The candies for Halloween enter the picture

Candy corn is perhaps one of the oldest Halloween candies still eaten today, from the 1880s. He was the first to invent it George Renninger, a candy maker at the Philadelphia-based Wunderle Candy Company. In 1900, by Goelitz Candy Co. began to produce in large quantities. The candy corn was designed to look great chicken feed, since at the time candy first appeared, about half of Americans worked on farms.
Everyone’s favorite - or least popular - Halloween snack has been designed to look like chicken feed.
Halloween candies became very popular at the turn of the 20th century. Hershey’s milk chocolate was first produced in 1900, and seven years later Hershey’s kisses followed. Chocolate was previously considered a luxury product that the average American rarely enjoys, but Hershey’s Pennsylvania chocolate factory has allowed mass production of chocolate for significantly lower prices. An ad from 1906 in the New York Times it boasted homemade buttermilk, caramels, and Waldorf chocolates for 25 cents a pound, or. about $ 7 today.

Although candy companies produced candy such as the Milky Way bar and Snickers bar in the 1920s and early 1930s, candy was not yet the ultimate Halloween treat like it is today. Sugar became more affordable during this time, making candy production cheaper, but the trick or snack often involved distributing cookies, fruit, nuts, and even toys and money.

A brief history of the panic of poisoned candies for Halloween
Organized trick-or-treating grew in the 1930s in part in response to dangerous Halloween pranks during the Great Depression, but this stopped abruptly when World War II broke out. Sugar rationing meant that only a few had access to candy, so people had to get creative with the Halloween food tradition. In the 1950s, candy makers promoted their delicious Halloween products, especially at the height of the baby boom.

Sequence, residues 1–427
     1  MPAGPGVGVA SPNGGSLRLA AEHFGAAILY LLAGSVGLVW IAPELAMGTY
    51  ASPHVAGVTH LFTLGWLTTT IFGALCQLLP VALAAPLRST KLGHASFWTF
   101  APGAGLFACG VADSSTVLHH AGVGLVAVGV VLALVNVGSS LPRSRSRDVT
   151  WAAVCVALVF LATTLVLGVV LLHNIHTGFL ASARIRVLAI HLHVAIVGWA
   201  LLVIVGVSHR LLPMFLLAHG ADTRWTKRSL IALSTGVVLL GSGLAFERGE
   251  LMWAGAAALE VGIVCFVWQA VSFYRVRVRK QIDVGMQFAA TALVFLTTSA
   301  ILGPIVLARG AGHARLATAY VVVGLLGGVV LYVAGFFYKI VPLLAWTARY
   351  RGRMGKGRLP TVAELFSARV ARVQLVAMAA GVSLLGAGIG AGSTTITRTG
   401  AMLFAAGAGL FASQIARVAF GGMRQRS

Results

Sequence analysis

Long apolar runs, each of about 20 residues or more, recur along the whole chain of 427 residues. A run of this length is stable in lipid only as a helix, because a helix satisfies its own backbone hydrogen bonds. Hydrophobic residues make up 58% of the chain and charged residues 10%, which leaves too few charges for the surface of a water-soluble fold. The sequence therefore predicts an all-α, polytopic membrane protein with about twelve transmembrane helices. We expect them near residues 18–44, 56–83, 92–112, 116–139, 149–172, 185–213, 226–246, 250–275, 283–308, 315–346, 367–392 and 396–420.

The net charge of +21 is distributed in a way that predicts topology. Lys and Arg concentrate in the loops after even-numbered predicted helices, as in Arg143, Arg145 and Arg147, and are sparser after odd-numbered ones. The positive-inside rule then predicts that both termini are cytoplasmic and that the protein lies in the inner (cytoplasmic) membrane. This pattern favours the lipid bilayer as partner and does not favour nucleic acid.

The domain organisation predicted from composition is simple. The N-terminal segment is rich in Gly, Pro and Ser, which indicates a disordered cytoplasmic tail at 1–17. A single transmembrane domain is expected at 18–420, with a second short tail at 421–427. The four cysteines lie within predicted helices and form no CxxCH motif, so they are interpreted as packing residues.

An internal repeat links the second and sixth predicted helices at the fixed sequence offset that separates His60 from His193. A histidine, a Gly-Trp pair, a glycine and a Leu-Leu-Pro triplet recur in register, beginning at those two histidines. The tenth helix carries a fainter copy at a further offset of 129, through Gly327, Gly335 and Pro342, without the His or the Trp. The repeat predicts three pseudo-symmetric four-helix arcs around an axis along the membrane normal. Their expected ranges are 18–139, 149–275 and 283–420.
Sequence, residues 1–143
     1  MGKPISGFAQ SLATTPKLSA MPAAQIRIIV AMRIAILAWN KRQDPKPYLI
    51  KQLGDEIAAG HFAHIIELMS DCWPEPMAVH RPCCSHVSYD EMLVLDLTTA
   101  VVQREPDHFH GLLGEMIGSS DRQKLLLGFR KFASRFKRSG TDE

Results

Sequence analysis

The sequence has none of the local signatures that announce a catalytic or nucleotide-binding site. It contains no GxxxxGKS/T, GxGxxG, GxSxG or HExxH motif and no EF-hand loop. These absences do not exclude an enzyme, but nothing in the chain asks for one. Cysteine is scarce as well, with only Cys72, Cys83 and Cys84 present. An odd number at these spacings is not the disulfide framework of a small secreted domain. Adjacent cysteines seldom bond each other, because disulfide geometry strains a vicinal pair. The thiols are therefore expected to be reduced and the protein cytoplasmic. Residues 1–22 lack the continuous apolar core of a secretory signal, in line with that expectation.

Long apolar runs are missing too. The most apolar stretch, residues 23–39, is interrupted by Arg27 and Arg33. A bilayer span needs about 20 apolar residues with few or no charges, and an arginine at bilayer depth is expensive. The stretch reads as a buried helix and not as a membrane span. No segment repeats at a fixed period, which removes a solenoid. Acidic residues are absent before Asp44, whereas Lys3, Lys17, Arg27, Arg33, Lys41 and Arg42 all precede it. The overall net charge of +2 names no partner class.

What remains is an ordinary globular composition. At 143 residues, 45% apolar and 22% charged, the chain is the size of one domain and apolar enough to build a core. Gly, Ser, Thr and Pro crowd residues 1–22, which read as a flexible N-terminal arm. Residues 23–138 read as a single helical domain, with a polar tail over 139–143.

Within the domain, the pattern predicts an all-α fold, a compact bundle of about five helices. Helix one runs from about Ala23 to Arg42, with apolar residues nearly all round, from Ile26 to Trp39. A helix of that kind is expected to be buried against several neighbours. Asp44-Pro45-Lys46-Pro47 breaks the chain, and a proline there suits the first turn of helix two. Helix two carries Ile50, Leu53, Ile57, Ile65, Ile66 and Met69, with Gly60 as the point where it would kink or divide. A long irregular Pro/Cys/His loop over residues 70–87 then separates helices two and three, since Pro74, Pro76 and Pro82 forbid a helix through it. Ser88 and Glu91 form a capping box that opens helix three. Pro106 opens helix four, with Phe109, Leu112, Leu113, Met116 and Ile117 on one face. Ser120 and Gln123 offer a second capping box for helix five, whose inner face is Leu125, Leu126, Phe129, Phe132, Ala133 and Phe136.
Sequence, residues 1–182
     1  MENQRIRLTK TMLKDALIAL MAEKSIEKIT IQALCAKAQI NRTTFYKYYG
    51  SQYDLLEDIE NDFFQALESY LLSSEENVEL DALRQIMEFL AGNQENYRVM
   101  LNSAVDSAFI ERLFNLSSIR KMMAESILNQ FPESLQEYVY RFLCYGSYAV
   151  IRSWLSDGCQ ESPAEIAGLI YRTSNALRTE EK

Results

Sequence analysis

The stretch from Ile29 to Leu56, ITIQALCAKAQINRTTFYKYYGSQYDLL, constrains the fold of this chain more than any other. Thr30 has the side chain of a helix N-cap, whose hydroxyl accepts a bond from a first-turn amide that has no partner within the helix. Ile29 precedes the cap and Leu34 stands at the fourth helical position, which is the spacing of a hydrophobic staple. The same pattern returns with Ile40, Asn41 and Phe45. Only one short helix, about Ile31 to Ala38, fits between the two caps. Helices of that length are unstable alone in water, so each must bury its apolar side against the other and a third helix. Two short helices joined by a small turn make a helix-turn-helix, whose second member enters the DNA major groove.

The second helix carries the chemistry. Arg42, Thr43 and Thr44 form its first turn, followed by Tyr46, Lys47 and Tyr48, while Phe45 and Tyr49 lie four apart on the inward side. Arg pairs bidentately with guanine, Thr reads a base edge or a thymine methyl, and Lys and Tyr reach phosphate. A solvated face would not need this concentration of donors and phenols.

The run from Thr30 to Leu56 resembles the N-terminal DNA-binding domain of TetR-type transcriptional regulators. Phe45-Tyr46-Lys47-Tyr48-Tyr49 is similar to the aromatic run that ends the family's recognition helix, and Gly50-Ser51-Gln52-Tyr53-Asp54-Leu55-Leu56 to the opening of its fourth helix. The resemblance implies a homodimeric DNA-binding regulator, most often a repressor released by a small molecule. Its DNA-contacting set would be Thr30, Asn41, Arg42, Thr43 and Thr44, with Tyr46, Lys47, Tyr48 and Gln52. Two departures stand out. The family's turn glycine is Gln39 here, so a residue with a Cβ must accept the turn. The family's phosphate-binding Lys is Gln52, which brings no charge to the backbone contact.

Halloween sweets take off

In the 1970s, all that changed. Wrapped candies produced in the factory were considered to be the only goods that could be distributed, as many parents feared that their children’s candies would encroach on them. Fear of Halloween candy probably began with the New York Times ’1970 work, which hinted that outsiders might use tricks as a way to poison children, citing two unconfirmed incidents in northern New York City that suggest there may be a shaving blade hidden in the apple. inside. Sale of candy for Halloween in 1982 fell by 20% to 50%, and 40 American cities have completely canceled Halloween, according to Eater’s podcast “Gastropod”.
Numerous deaths among children on or after Halloween that are believed to be unrelated to poisoned candy have sparked widespread panic, and some communities have definitively banned the trick or treatment. Despite this hysteria, a an extensive 1985 study did not find a single confirmed incident of death or serious injury to a child due to Halloween candies, as CNN has already reported.
This year, the National Retail Federation announced that consumers will consume a a record $ 10.14 billion on Halloween – including $ 3 billion for candy. But while you were nibbling on your KitKat bar that Halloween, remember that 150 years ago, you may have been nibbling on a chestnut and found a future spouse.